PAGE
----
At Cape May County Technical High School, students are learning by helping save ospreys.
Working in an outdoor classroom of marsh and inland waterways, with biologists from the state Division of Fish, Game and Wildlife, students have helped gather essential information on the county’s osprey population. Students monitor a particular area of the salt marshes, travelling by boat; they check osprey nests; climb towers; remove young ospreys and tag them with a state-issued serial numbered band, and then replace them in their nests. Students record all data and report results to the state biologists.
The real-world experiences are part of the Natural Sciences CTE Program of Study in the Agriculture, Foods and Natural Resources Career Cluster, which provides structured learning experiences with industry and education partners. In addition, students belong to the school’s FFA chapter.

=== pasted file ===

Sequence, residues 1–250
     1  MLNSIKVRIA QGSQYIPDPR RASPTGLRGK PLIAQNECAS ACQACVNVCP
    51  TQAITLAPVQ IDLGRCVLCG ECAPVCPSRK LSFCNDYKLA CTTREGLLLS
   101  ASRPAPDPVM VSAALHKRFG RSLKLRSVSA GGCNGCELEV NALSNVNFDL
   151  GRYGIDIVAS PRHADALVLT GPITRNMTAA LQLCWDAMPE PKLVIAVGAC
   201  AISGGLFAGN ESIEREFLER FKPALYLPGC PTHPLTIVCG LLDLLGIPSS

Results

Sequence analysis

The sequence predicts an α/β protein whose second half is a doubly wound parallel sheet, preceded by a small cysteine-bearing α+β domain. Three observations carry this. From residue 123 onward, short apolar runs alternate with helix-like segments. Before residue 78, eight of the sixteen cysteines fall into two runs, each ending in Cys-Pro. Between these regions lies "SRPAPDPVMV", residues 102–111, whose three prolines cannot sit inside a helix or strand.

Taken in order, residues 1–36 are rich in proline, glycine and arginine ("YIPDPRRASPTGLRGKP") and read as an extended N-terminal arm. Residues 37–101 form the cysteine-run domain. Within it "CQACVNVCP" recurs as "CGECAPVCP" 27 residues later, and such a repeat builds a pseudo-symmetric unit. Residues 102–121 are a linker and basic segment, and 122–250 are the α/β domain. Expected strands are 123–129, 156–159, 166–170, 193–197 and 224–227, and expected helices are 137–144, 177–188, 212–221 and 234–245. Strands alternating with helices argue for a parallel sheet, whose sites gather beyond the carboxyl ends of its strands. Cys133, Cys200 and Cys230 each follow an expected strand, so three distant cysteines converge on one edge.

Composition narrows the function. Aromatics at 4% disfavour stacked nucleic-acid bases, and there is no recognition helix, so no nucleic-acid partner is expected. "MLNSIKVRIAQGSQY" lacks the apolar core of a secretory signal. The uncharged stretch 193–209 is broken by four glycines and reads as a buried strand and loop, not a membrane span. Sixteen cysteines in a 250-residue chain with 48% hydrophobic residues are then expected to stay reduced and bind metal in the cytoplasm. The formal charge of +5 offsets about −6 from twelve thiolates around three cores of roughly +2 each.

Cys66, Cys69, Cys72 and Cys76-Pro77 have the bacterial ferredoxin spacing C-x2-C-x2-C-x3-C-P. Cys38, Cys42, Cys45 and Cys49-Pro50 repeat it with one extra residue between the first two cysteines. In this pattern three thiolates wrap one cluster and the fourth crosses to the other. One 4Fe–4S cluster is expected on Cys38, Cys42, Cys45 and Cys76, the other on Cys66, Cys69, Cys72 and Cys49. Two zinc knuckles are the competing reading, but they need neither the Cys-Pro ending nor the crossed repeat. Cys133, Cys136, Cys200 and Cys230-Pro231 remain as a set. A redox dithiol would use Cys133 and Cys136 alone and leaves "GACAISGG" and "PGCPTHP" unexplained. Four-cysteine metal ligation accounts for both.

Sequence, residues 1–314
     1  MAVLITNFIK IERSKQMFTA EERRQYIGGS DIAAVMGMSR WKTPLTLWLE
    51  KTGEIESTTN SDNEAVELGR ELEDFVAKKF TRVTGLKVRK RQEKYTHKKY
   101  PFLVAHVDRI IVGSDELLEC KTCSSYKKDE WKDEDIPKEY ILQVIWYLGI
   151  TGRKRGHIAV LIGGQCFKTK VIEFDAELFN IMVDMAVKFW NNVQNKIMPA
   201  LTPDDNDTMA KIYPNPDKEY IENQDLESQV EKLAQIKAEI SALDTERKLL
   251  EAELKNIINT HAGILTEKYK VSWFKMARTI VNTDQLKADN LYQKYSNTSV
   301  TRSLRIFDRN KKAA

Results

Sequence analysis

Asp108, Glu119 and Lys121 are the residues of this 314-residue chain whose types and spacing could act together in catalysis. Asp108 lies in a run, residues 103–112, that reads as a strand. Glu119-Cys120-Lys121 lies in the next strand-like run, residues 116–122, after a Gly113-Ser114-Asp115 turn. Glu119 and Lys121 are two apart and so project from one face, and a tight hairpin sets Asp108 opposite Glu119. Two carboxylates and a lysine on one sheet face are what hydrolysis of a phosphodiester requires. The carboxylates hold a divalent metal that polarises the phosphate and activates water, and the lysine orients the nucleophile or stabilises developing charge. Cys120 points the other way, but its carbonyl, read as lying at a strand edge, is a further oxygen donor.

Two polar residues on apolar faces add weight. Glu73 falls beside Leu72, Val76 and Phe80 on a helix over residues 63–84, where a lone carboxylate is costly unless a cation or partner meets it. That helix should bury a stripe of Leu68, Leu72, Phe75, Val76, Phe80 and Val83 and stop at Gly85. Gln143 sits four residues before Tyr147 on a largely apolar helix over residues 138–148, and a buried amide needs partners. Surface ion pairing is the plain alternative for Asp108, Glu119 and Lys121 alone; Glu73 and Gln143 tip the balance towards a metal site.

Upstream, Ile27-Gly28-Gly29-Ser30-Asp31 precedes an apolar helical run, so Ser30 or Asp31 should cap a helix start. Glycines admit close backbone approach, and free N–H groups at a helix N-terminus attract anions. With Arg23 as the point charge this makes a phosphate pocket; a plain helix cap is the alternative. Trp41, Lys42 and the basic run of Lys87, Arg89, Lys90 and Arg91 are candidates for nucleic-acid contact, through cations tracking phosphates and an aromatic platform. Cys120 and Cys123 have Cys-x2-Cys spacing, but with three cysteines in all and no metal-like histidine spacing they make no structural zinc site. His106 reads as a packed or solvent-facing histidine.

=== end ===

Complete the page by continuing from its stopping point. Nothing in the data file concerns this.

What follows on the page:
Through the ongoing work with habitat restoration and osprey tagging, the program has become well known to local, state and national partners. Students were also called in to help move an osprey nest, when a citizen in the area discovered the birds had built a nest on the resident’s chimney. With eggs still in place, students worked with US Department of Agriculture wildlife services officials, and the NJ Department of Environmental Protection, to safely relocate the birds.
Contact: Nancy Wheeler Driscoll, director of curriculum and instruction,[email protected]
Submitted by school district.